To the editor: Your article, “The Little-Understood Purpose It Was Tougher to Clear Homeless Encampments in California than Most States,” is written as if the human struggling on the streets of Los Angeles might be radically remodeled if not for a choice by the US ninth Circuit Court docket of Appeals.
No determination by the courts, not even one by the US Supreme Court docket, will change the truth that Los Angeles housing prices are out of attain for most individuals. Many people are one missed paycheck, sickness, or mistake from ending up in a tent on the sidewalk, and an anti-camping ordinance is not going to cease folks from doing what they need to do to outlive.
We’re all pissed off with avenue situations, however as an alternative of brutal celebrations shuffling folks like trash from one nook to the subsequent, our leaders ought to deal with reasonably priced housing and defending tenants from eviction.
Rae Huang, Los Angeles
The author is a senior organizer within the Housing Now group.
To the editor: These of us who grew up within the Fifties by no means noticed the sidewalks or parks of our cities flooded with tents pitched by the homeless.
Sure, we had seen homeless camps elsewhere. They had been usually positioned on the outskirts of cities, alongside railroad tracks and on streams.
Again then, curfew legal guidelines barred folks from tenting inside metropolis limits. Moreover, the variety of unhoused folks was stored low by two elements: there have been many roles, and the state psychological hospitals housed hundreds of people that would in any other case have lived on the streets.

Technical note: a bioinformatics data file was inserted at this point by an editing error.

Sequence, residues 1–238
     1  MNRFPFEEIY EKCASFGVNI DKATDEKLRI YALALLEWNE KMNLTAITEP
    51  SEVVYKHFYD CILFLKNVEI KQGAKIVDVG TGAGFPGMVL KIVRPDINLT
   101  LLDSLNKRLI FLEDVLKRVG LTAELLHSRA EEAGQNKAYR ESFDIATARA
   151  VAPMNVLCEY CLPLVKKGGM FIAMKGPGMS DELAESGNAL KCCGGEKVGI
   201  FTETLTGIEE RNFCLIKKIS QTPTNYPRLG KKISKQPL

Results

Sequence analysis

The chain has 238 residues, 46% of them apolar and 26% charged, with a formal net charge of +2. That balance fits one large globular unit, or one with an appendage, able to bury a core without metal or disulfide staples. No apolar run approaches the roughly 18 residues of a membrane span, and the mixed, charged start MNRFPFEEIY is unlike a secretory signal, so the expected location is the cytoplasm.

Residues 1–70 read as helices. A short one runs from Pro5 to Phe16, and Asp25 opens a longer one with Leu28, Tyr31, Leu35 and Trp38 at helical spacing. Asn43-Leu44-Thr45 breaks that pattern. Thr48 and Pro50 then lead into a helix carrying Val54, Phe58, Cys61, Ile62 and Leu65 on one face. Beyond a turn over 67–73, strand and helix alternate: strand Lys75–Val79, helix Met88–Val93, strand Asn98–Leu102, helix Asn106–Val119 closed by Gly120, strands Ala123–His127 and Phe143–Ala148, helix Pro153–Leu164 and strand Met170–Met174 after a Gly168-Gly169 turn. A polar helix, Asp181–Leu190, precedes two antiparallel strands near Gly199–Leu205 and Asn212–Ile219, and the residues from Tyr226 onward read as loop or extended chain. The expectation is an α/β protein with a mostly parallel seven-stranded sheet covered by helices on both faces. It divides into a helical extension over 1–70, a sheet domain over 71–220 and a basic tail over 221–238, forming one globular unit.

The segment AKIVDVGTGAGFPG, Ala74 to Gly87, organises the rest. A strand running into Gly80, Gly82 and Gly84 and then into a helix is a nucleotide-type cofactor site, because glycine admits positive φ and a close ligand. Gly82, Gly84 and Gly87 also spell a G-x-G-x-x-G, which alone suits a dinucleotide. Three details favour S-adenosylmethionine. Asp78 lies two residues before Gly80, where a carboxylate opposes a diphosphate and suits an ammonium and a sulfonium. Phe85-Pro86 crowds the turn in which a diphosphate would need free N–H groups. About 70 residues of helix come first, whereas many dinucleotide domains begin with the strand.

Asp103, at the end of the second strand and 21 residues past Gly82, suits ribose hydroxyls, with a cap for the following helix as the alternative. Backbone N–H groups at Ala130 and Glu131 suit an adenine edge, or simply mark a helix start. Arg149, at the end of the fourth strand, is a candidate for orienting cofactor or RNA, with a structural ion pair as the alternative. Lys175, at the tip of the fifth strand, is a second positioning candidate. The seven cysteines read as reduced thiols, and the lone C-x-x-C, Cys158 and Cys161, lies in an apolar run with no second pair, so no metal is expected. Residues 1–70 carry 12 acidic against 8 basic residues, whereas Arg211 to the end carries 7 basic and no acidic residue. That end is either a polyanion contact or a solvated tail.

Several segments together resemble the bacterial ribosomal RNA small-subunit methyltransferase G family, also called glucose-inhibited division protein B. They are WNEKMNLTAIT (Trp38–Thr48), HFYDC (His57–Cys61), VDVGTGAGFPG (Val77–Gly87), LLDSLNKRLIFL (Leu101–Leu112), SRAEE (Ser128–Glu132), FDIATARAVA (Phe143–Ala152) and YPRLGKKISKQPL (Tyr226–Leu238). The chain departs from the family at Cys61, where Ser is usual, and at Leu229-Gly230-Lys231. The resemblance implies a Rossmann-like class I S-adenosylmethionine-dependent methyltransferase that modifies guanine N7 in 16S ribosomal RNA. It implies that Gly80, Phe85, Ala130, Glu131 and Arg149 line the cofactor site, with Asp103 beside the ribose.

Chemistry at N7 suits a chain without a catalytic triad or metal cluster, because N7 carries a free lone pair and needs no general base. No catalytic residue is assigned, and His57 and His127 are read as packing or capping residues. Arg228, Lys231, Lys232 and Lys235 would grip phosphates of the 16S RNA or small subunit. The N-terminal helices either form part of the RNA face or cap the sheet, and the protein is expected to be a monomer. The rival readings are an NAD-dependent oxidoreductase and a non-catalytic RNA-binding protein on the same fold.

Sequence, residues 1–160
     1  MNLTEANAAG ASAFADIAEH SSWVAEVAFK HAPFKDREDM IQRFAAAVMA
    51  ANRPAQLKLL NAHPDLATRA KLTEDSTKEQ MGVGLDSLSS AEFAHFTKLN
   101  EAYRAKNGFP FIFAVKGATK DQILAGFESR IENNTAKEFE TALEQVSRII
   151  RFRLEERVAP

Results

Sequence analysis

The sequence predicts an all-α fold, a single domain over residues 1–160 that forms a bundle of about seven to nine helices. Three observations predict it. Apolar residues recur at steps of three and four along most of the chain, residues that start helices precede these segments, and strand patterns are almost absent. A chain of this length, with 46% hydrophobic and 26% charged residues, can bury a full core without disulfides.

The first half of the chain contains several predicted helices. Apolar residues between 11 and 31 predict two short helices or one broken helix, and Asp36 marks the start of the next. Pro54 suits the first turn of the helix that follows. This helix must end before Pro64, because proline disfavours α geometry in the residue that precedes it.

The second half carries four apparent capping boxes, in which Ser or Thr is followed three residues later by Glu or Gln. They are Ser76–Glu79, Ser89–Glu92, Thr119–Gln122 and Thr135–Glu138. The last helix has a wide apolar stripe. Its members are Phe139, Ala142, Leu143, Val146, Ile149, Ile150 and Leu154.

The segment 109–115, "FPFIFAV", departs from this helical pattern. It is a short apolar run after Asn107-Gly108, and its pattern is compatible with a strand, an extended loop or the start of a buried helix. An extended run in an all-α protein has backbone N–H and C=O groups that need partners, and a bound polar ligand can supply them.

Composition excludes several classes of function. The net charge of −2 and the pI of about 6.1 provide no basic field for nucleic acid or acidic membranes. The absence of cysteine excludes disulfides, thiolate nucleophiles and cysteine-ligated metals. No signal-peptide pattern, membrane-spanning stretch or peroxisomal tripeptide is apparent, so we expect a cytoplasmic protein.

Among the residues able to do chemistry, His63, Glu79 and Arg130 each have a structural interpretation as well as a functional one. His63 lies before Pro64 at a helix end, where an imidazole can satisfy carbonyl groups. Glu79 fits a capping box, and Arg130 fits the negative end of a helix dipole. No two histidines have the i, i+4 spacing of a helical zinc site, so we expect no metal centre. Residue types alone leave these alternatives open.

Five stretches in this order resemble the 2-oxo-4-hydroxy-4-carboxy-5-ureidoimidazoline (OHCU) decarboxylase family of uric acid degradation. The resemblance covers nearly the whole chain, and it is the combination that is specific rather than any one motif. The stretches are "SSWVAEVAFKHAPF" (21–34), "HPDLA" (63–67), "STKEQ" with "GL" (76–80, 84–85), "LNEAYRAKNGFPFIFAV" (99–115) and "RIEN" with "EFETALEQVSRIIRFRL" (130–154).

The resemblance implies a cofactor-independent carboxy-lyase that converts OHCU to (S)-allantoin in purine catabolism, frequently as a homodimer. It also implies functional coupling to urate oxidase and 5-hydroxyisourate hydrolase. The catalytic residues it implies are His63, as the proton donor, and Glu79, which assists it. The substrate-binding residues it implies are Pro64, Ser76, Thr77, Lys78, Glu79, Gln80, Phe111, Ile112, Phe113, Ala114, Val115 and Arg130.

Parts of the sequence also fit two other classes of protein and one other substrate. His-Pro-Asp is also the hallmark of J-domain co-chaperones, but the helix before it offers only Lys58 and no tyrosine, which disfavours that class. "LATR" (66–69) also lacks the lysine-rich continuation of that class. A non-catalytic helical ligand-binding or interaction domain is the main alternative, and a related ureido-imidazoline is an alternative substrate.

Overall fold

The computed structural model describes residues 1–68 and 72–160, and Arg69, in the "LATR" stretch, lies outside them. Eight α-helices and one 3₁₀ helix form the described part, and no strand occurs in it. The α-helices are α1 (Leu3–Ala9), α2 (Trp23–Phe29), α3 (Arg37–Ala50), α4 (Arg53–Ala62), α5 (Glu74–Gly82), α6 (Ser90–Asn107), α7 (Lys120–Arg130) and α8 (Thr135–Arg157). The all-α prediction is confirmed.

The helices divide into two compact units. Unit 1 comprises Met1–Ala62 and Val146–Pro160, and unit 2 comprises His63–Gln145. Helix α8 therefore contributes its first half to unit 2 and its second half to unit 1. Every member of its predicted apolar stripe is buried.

Inside a number of a long time, important modifications steadily accelerated homelessness. Courts struck down vagrant legal guidelines. Psychiatric hospitals had been emptied. Automation, computerization and job outsourcing overseas lowered employment alternatives.
Clearly, the predictable downsides of those modifications escaped the eye of our leaders—that, or there was no political upside to addressing these downsides. It is time to pay for homelessness.
Betty Turner, Sherman Oaks
To the editor: Sadly, homeless camps in the end turn out to be a public well being hazard. How will we stability the rights of displaced people towards the rights of the communities affected by camps?
Regardless of all the nice intentions and assets which were directed at assuaging the issue, nothing appears to have a long-term impact.
There are deeper systemic points at play right here that need to do with the earnings inequalities that exist in our society and that must be addressed on the federal stage. Till that occurs (and I am not holding my breath), native efforts will proceed to have restricted impression.
John Beckman, Chino Hills
To the editor: Cities can’t take away encampments until there’s a place for homeless residents to go.
A couple of months in the past, The Instances reported on a research that discovered there have been greater than 100 vacant state-owned parcels in LA that might be used for housing. These properties may present bathrooms, water, electrical energy and even a bodily deal with the place you may get mail.
Then we’d be in compliance with courtroom rulings.
Jerry Bluestein, Mar Vista